Once he has been persuaded to enter the vehicle, and told that he won’t have to pay a dime for the ride, his attitude turns to one of grateful disbelief. He turns out to be a reasonably sober young salesman for the LazyTown production company, and we get to talking about the future development of the show.
“What most people don’t realise is that you can only recoup about 40% of the production cost of a series like this from TV revenue. We’re about to start releasing the merchandise, though, and that’s where the big bucks are.”
Intrigued, and considering some new stock purchases, we bid him farewell and head back downtown to hunt for more customers.
Next to brave the Grapevinemobile is a tediously sober brother and sister team, on their way to their respective homes after a crazy night of buying sub sandwiches and Diet Coke. “I’m sorry, we’re boring,” says the brother. “But I offer your readers this piece of advice: go to Nonnabiti and order a turkey sub. Here’s the trick, though: tell him to hold the pineapple. That’s like, the perfect sub.”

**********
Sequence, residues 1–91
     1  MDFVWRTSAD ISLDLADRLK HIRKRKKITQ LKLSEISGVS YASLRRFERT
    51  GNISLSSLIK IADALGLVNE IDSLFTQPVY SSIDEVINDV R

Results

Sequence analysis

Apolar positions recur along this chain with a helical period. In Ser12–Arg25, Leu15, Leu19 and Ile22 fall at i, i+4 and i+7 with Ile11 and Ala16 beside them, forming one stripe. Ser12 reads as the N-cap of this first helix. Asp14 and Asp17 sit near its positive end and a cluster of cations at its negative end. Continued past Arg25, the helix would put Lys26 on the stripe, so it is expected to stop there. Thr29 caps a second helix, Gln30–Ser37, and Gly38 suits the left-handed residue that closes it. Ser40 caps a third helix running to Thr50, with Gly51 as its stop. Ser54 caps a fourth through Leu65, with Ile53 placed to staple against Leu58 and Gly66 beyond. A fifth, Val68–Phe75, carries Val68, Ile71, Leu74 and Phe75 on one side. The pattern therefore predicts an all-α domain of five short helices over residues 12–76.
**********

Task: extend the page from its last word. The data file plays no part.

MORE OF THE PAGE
Driving past Lækjartorg around 4 am, Hafliði points out six giggling blondes playing football in skimpy outfits. “Only in Iceland,” he chuckles. The next pair of customers turn out to be of a fairly typical Icelandic variety, as well: a somewhat inebriated worker for the power company and his sober friend who is a college student in Canada. “I put up light posts. I also take them down,” says the drunk guy. Asked who got the honour of removing the light post that got in the way of former local council candidate Eyþór Arnalds and ended his political career, the reply was unexpected. “Oh, we’re gonna leave it, at least part of it has to stay. That thing is like a historical monument, a true legend in this business, we talk about the irony of it all the time. You see, that lamp post wasn’t even supposed to be there that day.”